Arriving in the country earlier that day, the President's visit to the United Kingdom hasn't come with a lot of support from residents who plan to protest throughout his trip, already gathering outside the U.S. ambassador's residence in London where the couple are staying for the night.
Some Brexit supporters have cast May's Brexit plan as a betrayal, including lawmakers in her own deeply-divided party who have warned of a leadership challenge.
Top it off with the introduction of trade policies that have targeted some European industries - even though European nations are longtime friends accustomed to easy trade with the USA - and it is not surprising that Trump's itinerary will keep him out of central London on Friday, when large protests are planned.
Trump has been quick to criticize British society, telling a National Rifle Association convention in May that the British didn't have guns but had so much knife crime that one hospital was like a military war zone with its floors awash with blood, a false statement quickly rebutted by British physicians and politicians.
"You see what's going on throughout the world with immigration.I think that's why Brexit happened", he said. "People want to send a message to everyone fighting against this politics of hate, we all stand united together, and we will not allow the clock to be turned back to the darkest moments of human history".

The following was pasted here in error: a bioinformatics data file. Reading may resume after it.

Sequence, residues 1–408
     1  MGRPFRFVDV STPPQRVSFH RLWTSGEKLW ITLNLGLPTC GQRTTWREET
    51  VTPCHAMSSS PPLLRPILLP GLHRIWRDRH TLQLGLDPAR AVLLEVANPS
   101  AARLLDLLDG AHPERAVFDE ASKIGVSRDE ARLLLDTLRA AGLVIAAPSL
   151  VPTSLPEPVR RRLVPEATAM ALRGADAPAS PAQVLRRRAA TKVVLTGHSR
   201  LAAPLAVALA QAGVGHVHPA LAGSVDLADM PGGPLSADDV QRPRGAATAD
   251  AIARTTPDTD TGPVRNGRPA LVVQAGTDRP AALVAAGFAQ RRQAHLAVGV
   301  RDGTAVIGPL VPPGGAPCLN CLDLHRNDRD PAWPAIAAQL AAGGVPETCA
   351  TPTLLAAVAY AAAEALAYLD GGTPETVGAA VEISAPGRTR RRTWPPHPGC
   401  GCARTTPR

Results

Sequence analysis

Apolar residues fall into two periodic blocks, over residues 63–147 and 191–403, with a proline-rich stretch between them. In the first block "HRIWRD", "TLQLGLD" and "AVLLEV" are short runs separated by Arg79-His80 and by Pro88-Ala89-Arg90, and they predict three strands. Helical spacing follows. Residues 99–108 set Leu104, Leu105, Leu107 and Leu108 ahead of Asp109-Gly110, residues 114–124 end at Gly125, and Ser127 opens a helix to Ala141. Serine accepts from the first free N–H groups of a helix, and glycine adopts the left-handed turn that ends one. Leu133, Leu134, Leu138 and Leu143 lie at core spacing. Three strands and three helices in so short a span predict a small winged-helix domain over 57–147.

The couple will also attend a black-tie dinner at Blenheim Palace in Oxfordshire hosted by Mrs May on Thursday evening and stay overnight at Winfield House in Regent's Park, which is the US Ambassador's residence in London.
"There is no stronger alliance than that of our special relationship with the U.S. and there will be no alliance more important in the years ahead", May said ahead of the visit.
Ahead of his arrival the PM said she would use the visit to "forge a strengthened, ambitious and future-proof trade partnership" with the U.S. after Brexit.
He touched down in Britain for his first official visit and has already brushed off mass protests by saying: "I think they like me a lot in the UK" and caused Theresa May a major new headache over Brexit. May said in remarks during a banquet on Thursday with Mr. Trump at Blenheim Palace, Churchill's birthplace.
The biggest protest will take place in central London on Friday when thousands are expected to take to the streets to join the "Stop Trump" march.
A campaign is also underway to get "American Idiot", a 2004 song by the USA punk rock band Green Day, to the top of the UK Singles Chart.
But British Prime Minister Theresa May is hoping his trip will boost the close ties between their two nations and help in forging a future free trade deal.
The two leaders will hold talks the following day at Chequers, the 16th-century manor house which is the prime minister's official country residence which will focus on Russian Federation, trade, Brexit and Middle East.
Later, Trump will go to Windsor Castle for tea with 92-year-old Queen Elizabeth.
On Friday night, the president will travel to Scotland, Turnberry, the South Ayrshire golf resort he bought in 2014.